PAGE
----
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While the headlines for auto sales in the month of May seemed grim, there was actually good news in those numbers that help Sirius XM (SIRI) on a long term and short term basis. Yes, Sirius XM took a hit on the auto headlines. This happens because the Street is well aware that Sirius XM's bread and butter comes from satellite radios installed in cars.

The key for satellite radio investors is to understand that auto sales of 1 million per month are enough for the company to report good numbers across the board. In Q1 auto sales came in at 3.057 million, or an average of just over 1 million per month. With satellite radios being installed in about 60% of the vehicles produced, the company was able to garner about 1.8 million of their just over 2 million gross subscriber additions through the new car auto channel. This translated into net subscriber additions of just under 400,000.

While auto sales are important to Sirius XM, it is not as easy as simply looking at sales figures. There is a dynamic of how Sirius XM counts subscribers that perhaps many investors are not aware of. Each month I offer a report breaking down the OEM channel into three distinct categories: Leading, point-of-sale and trailing.

Before going into why Sirius XM will see a short term boost in subscribers I will take the time to define the categories:

Leading

This category is labeled leading because Sirius XM actually counts these radios as subscribers at the time of manufacture, not sale. The leading category is made up of companies like Ford (F), Chrysler, Mercedes and BMW. When the OEM pays Sirius XM for a promotional subscription that money is booked in deferred revenue (a liability on the balance sheet). The car may sit on a dealer lot for 60 days being counted as a subscriber because the company has received payment. So even though a consumer is not yet listening to the satellite radio, the subscription is being counted on the subscriber rolls. This method allows the company the benefit of counting subscribers early. As with anything there is a drawback. The Average Revenue Per User (ARPU) gets impacted. Sirius XM cannot begin to pull money from deferred revenue and book it as revenue until a consumer buys the car. Thus, during that 60 day period that subscription is contributing $0 per month to revenue. If there are a lot of the $0s, it is a strain on ARPU.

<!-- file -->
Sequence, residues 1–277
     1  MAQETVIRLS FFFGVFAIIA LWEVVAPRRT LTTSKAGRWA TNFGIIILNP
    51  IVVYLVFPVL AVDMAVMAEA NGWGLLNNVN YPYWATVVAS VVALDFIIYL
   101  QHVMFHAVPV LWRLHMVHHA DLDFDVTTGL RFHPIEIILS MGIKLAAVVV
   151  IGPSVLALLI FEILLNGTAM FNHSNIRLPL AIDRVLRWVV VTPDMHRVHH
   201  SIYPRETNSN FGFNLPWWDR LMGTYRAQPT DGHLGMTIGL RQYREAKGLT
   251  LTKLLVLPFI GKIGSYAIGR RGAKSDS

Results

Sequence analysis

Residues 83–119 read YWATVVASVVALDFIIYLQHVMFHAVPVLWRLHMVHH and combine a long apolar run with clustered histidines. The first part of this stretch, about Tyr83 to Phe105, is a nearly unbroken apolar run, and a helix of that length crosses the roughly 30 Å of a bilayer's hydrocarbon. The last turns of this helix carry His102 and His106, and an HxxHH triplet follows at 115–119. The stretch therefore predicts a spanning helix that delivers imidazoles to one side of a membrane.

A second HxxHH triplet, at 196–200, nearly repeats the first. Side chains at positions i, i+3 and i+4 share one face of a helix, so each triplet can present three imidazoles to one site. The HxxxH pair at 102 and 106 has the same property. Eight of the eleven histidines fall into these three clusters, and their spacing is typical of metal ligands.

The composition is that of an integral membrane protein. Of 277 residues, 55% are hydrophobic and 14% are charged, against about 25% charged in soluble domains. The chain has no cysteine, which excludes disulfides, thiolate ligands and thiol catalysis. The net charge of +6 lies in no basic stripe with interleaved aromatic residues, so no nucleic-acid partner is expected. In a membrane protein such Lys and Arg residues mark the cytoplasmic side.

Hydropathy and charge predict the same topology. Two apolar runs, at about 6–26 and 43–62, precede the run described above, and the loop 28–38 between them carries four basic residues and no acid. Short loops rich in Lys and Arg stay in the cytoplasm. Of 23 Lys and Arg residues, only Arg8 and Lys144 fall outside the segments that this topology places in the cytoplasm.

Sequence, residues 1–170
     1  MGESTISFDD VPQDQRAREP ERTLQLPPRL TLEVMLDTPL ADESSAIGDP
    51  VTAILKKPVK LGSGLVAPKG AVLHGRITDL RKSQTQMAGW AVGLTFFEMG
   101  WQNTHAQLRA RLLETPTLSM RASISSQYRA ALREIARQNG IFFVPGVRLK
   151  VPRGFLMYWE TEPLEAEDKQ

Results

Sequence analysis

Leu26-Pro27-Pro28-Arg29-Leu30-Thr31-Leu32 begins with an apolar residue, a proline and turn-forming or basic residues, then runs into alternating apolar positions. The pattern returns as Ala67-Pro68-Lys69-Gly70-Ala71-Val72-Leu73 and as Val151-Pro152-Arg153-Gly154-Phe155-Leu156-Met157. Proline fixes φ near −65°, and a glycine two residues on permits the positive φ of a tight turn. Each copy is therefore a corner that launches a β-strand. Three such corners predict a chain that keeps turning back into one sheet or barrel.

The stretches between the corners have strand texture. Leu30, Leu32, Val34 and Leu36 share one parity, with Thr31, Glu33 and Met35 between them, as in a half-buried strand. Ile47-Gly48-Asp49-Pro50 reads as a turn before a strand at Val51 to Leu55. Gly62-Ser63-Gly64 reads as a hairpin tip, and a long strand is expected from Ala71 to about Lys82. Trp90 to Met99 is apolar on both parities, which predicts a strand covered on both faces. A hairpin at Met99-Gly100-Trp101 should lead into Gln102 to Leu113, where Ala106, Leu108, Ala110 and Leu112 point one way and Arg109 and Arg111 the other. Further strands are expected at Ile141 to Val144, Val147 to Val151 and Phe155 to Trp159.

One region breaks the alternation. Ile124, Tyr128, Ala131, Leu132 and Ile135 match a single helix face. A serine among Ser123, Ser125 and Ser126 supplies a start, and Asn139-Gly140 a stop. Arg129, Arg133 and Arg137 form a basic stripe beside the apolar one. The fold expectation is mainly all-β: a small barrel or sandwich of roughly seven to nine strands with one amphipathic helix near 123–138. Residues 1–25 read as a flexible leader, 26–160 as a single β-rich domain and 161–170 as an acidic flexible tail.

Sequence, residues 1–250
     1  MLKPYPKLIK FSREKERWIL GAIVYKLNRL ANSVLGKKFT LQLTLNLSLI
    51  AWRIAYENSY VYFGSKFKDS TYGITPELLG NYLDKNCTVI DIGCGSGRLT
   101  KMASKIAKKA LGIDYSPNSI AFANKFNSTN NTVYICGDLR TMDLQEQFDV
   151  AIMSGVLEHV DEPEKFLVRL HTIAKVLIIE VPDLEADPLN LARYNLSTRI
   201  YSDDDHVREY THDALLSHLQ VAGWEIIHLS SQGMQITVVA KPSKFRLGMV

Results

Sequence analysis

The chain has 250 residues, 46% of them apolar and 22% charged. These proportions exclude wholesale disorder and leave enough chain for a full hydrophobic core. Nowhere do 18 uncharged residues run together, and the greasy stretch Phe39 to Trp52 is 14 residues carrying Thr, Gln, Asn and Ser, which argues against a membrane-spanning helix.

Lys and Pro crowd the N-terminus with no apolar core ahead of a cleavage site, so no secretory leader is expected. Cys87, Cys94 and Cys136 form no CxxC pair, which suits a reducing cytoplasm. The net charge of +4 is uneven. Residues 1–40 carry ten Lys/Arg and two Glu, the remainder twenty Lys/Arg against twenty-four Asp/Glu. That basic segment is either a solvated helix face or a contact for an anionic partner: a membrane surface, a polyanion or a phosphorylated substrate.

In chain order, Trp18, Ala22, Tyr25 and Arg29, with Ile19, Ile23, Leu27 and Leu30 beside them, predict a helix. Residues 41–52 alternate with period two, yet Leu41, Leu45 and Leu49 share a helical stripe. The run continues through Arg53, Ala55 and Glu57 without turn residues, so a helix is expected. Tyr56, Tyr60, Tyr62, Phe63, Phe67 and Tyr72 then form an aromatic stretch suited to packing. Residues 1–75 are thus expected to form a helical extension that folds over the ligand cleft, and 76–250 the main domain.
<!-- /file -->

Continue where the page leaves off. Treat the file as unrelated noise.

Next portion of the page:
Point of Sale

The point of sale category is so labeled because it represents a satellite radio subscription at the time the vehicle is sold to a consumer. GM and Honda (HMC) would be examples of manufacturers that fit into this category. This method of counting subscribers is actually very clear cut and straight forward. The subscriber is counted because the OEM pays Sirius XM when a consumer buys the car.

Trailing

Trailing subscribers are labeled this because they do not count as subscribers until after the three month promotional subscription and then only if they elect to become a self-paying subscriber. Manufacturers that fit into this category would include Toyota (TM), Nissan (OTCPK:NSANF) and Hyundai (OTC:HYMLF). Essentially, Sirius XM receives no payment from the OEM or consumer during the three month trial. Because of this they cannot be counted as subscriber even though there is a consumer listening to the service. Because they are never counted as subscribers, they can never be counted as deactivation should the consumer elect to not keep the service after the trial period.

With the March disaster in Japan, several auto manufacturers have had substantial impacts on their ability to produce and sell cars. Other manufacturers less impacted have actually increased production. The nature of the three subscriber categories is weighted in such a way that the leading category is now making up over 40% of the auto sales numbers. These manufacturers are still selling cars, and by nature producing more cars on a percentage basis that the manufacturers in the other categories. This means that cars produced in Q2 will be called subscribers in Q2 if they are in the leading category and have a satellite radio installed.

What we typically like to see is a balance between the three categories. Obviously May shows us that the balance is out of whack in favor of near term subscriber growth. Given that the monthly average auto sales in Q1 was just over 1 million, and that so far in Q2 we are at 1.1 million the subscriber picture already looks more promising. Now consider that in Q1 the leading category accounted for 36% of the auto sales market compared to the current trend of almost 39% in Q2 and over 40% in May and you can see that Sirius XM will be getting a boost of promotional subscribers in Q2 at time of production.

The bottom line is that with these events happening it will be difficult for Sirius XM to keep guidance at 1.4 million net subscribers for 2011. The company will have to adjust guidance upward at some point. The only question is when that will happen.

Disclosure: I am long SIRI.

Source: May Auto Sales to Boost Sirius XM Subscriber Numbers in Short-Term